So instead of simply adding more wood and nicer instrument clusters to a typical truck interior, Lincoln created a unique environment that uses lots of cues from its classic '61 Lincoln, a design with strong emotional appeal to Navigator's core Baby Boomer market. The look is further enhanced by the lighting and an elegant analog clock mounted in the center stack, which will become a feature in all Lincoln vehicles. The clock face is finished in satin nickel with touches of chrome to mark the hours. At night, it is illuminated indirectly by white light emanating from the chrome trim ring.
“White lighting looks clean and modern,” says Arbaugh. “It's a perfect compliment to the soft luster of the satin nickel surface treatments.”
Ford spent lavishly on the new Navigator interior to set it apart from the pack and from its less-expensive sibling, the Ford Expedition, ultimately forcing it to significantly raise the base price. That's usually not an option for most new products. But designers say making interiors world class isn't just about spending more money.
AG, and its Audi luxury division, has been the global benchmark, not only for the way it executes its exquisite interiors, but also for the way it achieves them. After tearing apart and analyzing dozens of its models, U.S. auto makers and suppliers have learned that one of the reasons VW interiors are so nice is that the auto maker created optimum designs for many key components and then standardized them across many different platforms. The higher volumes translate into lower costs for each individual door panel or switch.
“You hone in on the perfect switch so it has just the right amount of pressure to open and close the window in terms of the feel, and you say ‘Here's our style, we want to duplicate that feel. And by the way, we're going to use it for the next five years on all of our product,’” says Creed. “That's a very attractive buy (for a supplier) and you get that at a very good price,” he says. “Whether it's a Phaeton or a Golf, it's the same switch. You pick the right design and just proliferate it,” Creed says.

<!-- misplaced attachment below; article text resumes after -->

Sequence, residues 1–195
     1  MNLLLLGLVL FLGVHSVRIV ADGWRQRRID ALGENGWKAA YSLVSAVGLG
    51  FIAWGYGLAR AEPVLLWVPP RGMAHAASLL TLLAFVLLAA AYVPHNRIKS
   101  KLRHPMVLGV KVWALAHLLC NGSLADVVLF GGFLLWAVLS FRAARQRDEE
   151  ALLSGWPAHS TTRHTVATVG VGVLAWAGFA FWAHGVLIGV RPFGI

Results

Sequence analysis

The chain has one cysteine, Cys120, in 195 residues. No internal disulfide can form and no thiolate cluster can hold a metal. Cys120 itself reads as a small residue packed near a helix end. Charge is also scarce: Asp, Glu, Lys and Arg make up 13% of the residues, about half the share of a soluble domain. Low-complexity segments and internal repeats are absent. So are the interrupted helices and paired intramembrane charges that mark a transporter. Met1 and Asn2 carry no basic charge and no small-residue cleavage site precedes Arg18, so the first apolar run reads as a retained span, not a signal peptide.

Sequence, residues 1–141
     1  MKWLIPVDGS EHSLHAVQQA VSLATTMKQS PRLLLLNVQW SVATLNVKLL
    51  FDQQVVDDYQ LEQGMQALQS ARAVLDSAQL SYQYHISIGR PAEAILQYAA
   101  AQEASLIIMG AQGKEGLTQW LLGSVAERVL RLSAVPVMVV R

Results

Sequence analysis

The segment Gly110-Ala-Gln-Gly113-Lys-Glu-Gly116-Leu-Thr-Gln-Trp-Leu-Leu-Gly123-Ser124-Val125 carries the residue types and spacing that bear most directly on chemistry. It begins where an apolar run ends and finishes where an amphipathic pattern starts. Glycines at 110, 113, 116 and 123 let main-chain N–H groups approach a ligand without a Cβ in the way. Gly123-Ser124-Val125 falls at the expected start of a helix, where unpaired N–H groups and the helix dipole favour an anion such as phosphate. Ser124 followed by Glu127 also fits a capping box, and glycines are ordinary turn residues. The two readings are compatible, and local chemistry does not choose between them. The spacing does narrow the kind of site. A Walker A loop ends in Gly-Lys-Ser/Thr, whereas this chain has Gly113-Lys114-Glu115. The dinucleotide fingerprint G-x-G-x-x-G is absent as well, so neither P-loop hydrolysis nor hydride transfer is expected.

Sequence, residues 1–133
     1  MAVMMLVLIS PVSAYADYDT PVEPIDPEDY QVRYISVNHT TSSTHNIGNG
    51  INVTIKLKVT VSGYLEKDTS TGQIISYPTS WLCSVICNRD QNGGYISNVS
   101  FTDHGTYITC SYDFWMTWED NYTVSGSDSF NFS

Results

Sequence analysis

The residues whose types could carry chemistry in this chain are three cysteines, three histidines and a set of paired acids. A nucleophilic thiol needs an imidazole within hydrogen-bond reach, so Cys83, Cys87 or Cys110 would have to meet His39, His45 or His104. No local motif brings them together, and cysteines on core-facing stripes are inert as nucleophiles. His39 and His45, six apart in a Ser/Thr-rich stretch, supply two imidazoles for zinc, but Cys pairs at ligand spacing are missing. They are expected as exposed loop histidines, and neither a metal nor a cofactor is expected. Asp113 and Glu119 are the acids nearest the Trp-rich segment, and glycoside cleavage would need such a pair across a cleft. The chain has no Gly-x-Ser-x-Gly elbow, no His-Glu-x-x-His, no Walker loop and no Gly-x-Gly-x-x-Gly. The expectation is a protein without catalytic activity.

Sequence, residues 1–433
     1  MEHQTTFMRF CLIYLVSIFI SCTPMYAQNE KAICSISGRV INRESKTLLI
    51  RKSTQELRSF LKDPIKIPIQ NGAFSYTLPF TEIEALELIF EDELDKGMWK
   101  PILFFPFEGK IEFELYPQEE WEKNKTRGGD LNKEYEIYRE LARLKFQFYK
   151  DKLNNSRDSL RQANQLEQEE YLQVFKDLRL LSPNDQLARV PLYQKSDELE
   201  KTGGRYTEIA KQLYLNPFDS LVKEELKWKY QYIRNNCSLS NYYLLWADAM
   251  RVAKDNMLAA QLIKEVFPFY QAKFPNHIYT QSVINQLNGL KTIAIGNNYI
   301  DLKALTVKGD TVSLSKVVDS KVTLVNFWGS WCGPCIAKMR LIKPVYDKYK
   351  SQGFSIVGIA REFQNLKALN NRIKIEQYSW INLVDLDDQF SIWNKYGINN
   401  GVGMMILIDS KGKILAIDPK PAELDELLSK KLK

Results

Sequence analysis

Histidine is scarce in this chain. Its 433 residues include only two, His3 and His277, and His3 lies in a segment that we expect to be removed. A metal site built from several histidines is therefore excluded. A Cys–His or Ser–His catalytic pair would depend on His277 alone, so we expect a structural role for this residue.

Historically, Chrysler has had as many as 32 different types of window switches across its product lineup, Creed says.
In the past, Detroit-based auto makers have not been good at sharing parts across various vehicles and platforms,” says Michael Wall, a senior analyst at IRN, Inc., a Detroit-based automotive consulting company. “Because of the way the business groups are set up, they don't communicate across platforms so well,” he says. In some cases, Detroit auto makers couldn't even agree to share such mundane components as hood latches, he says.
However, Wall says DaimlerChrysler AG in particular has made progress recently in efforts to share parts across product lines.
Even so, rising Big 3 incentive costs cause some skeptics to wonder how fast the auto makers will be able to upgrade their interiors. James Gillette, a vice president at IRN, points out that Detroit remains in a classic chicken-and-egg scenario. Auto makers such asand Motor Co. Ltd. are able to invest more money in their cars and trucks because they are in demand and usually can be sold with few incentives. Detroit's Big 3 are far more dependent on incentives, increasing cost pressures and making it harder to upgrade their products to compete.
Spending more money isn't an automatic requirement for developing world-class interiors, the IRN consultants say, but it helps to have that option available.